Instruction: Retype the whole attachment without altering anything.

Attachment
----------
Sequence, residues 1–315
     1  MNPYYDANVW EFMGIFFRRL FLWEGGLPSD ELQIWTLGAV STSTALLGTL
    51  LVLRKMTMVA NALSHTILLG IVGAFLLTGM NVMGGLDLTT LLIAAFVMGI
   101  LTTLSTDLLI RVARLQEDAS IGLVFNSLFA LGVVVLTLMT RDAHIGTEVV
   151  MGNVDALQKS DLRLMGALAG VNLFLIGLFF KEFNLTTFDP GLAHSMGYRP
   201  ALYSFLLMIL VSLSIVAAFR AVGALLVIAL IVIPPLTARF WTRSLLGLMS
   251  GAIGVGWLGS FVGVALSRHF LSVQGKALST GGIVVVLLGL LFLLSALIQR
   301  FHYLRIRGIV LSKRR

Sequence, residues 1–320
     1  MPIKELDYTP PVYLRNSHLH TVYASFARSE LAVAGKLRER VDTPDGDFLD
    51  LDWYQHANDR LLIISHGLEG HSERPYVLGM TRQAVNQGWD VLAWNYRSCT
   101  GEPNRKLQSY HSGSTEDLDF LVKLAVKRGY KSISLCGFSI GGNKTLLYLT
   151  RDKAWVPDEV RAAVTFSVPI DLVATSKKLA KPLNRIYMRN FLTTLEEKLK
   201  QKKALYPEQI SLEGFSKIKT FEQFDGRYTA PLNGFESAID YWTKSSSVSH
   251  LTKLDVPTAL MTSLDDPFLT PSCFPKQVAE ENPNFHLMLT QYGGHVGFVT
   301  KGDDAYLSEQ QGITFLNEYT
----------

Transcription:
Sequence, residues 1–315
     1  MNPYYDANVW EFMGIFFRRL FLWEGGLPSD ELQIWTLGAV STSTALLGTL
    51  LVLRKMTMVA NALSHTILLG IVGAFLLTGM NVMGGLDLTT LLIAAFVMGI
   101  LTTLSTDLLI RVARLQEDAS IGLVFNSLFA LGVVVLTLMT RDAHIGTEVV
   151  MGNVDALQKS DLRLMGALAG VNLFLIGLFF KEFNLTTFDP GLAHSMGYRP
   201  ALYSFLLMIL VSLSIVAAFR AVGALLVIAL IVIPPLTARF WTRSLLGLMS
   251  GAIGVGWLGS FVGVALSRHF LSVQGKALST GGIVVVLLGL LFLLSALIQR
   301  FHYLRIRGIV LSKRR

Sequence, residues 1–320
     1  MPIKELDYTP PVYLRNSHLH TVYASFARSE LAVAGKLRER VDTPDGDFLD
    51  LDWYQHANDR LLIISHGLEG HSERPYVLGM TRQAVNQGWD VLAWNYRSCT
   101  GEPNRKLQSY HSGSTEDLDF LVKLAVKRGY KSISLCGFSI GGNKTLLYLT
   151  RDKAWVPDEV RAAVTFSVPI DLVATSKKLA KPLNRIYMRN FLTTLEEKLK
   201  QKKALYPEQI SLEGFSKIKT FEQFDGRYTA PLNGFESAID YWTKSSSVSH
   251  LTKLDVPTAL MTSLDDPFLT PSCFPKQVAE ENPNFHLMLT QYGGHVGFVT
   301  KGDDAYLSEQ QGITFLNEYT